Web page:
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What is reactive power?

  1. Nov 22, 2014 #1
    Complex power has two components the "active" and the "reactive". I am comfused. What is the physical interpretation of the complex component?

    Also what is the reactance?
     
  2. jcsd
  3. Nov 22, 2014 #2
    Reactive component of complex power represents power (energy) which oscillates between source and load to-and-fro. This component is not dissipated like active power.
     
  4. Nov 22, 2014 #3
    Can you please elaborate, what does oscillating power mean?
     
  5. Nov 22, 2014 #4
    Power = energy/time. For reactive power this means in first semicycle of sine oscillation the energy is delivered from a source to a load, and in next semicycle returned back from load to the source.
     
  6. Nov 22, 2014 #5

    anorlunda

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    This used to be a running joke in college. The electrical engineers would say to the mechanical engineers, "I'll explain reactive (imaginary) power if you will explain entropy."

    There is a very simple way to visualize it. Think of sinusoidal voltage V and current I. Power is V*I.

    If V and I are in phase, then V and I are positive for the first half of a cycle, and both are negstive for the last half of a cycle. V*I is positive for both halves, so power is positive over the whole cycle.

    If V and I are out of phase by 90 degrees, then V*I is positive for half the cycle and negative for the other half. Add it up over a whole cycle and you get zero. Thst is reactive power. There is a whole lot of stuff going on, but added up,over whole cycles, the net power is zero.

    Choose out of phase angles other than 0 or 90 and you can get different combinations of real and reactive power?

    It might help if you draw pictures of V, I, and V*I.
     
  7. Nov 23, 2014 #6

    sophiecentaur

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    So called reactive power is due to the energy that's stored in the reactive components. Personally, I don't like the term as I think it is used to describe something 'the opposite' to the power that is dissipated. It isn't really Power at all. All you need is to follow the Maths and avoid the name.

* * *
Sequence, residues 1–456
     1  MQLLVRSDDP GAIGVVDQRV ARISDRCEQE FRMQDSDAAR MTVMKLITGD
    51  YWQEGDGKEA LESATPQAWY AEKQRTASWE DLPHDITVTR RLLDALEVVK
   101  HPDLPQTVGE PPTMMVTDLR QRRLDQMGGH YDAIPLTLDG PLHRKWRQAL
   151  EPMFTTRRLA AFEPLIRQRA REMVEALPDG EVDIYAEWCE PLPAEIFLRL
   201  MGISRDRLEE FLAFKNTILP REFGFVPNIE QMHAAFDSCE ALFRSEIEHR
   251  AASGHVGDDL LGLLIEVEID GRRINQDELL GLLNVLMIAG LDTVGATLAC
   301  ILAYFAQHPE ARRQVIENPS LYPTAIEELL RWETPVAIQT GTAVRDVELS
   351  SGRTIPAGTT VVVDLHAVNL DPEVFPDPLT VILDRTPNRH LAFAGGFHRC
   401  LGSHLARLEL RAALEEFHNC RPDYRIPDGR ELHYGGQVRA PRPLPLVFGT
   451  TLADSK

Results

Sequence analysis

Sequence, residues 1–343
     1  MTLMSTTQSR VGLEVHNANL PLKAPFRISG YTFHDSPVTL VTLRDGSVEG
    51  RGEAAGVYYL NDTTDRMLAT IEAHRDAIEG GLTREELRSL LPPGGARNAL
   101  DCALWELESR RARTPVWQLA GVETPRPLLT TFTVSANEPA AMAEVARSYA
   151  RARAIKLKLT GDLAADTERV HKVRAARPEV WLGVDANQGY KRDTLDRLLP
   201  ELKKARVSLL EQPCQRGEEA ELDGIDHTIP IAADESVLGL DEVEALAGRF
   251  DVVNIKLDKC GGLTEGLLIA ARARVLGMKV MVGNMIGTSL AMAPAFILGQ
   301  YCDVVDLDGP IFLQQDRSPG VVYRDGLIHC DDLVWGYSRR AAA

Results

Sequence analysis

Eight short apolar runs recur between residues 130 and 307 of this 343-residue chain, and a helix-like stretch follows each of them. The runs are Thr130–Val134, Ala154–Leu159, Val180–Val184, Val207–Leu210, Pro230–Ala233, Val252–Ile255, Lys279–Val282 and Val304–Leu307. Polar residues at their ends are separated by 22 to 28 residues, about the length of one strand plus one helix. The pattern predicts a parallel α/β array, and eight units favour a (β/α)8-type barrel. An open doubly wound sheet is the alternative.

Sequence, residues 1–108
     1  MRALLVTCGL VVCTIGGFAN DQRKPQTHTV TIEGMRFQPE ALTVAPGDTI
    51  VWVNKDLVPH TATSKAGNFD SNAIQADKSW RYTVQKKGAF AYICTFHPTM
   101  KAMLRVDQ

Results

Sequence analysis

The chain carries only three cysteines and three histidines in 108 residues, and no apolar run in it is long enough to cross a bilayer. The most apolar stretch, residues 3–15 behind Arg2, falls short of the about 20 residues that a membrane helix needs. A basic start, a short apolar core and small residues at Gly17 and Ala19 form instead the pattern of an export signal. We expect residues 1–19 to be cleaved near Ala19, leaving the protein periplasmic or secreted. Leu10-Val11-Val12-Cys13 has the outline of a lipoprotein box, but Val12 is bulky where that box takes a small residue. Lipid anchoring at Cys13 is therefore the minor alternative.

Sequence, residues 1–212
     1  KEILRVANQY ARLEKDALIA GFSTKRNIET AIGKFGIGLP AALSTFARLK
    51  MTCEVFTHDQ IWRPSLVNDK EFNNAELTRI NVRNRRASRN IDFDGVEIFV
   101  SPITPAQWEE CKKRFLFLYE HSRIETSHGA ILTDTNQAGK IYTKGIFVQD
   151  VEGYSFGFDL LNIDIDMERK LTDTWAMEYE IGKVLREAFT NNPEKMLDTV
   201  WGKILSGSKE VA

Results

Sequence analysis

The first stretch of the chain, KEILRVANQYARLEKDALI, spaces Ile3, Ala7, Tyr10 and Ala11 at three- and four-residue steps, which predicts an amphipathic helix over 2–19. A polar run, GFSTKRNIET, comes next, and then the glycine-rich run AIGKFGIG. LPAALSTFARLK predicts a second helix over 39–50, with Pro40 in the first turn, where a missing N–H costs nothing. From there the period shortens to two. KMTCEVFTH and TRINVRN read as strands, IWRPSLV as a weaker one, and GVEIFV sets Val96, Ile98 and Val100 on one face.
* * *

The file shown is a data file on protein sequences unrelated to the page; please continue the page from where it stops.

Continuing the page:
8. Nov 23, 2014 #7

    NTW

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  9. Nov 23, 2014 #8
  10. Nov 23, 2014 #9
    I had the same question regarding reactive power as the OP.

    This is what I have understood so far, so please correct me if I am wrong or confirm (and also answer the remaining questions) what I have posted below is all correct:

    There are three types of power in an AC current:
    Apparent Power
    Active Power
    Reactive Power

    Apparent Power is the sum of Active Power and Reactive Power. What units is Apparent Power measured in?
    Active Power is measured in Watts (Joules/sec). Is this is the power that gets used up by the destination load like a lamp in an AC current?
    Reactive Power is measured in VARS (What are the units for this?). Is this the power that goes to the destination load and then returns back to source load because of the Alternating Current?


    Also what about the power that is lost by the resistors, or other heat losses, that are in between the AC circuit of a source and destination load? What is that power called?
     
  11. Nov 24, 2014 #10

    anorlunda

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    Apparent power is measured in Volt Amperes.

    Losses are simply called "losses". Not much mystery there. There can be real and reactive parts of losses.
     
  12. Nov 26, 2014 #11
    But aren't heat losses theoretically 'Active/True Power' because they are getting used up in some sense, by the environment? The environment acting like a load such as a lamp. Because my understanding of reactive power is that it keeps bouncing back and forth between source and load and never gets used up. Anything that is used up is Active Power, whether it is given of as heat in the environment or used up by the load. Now granted anything that get lost into the environment would have to be from the reactive power part. So the reactive power transforms in true power, when considering heat losses into the environment. Would that be the correct understanding?

    Or is there a different way of using terminology for heat losses into the environment?
     
  13. Nov 26, 2014 #12

    anorlunda

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    See my post #5 in this thread about the power reversing direction for half of each cycle, I think that's what you mean by bouncing back and forth.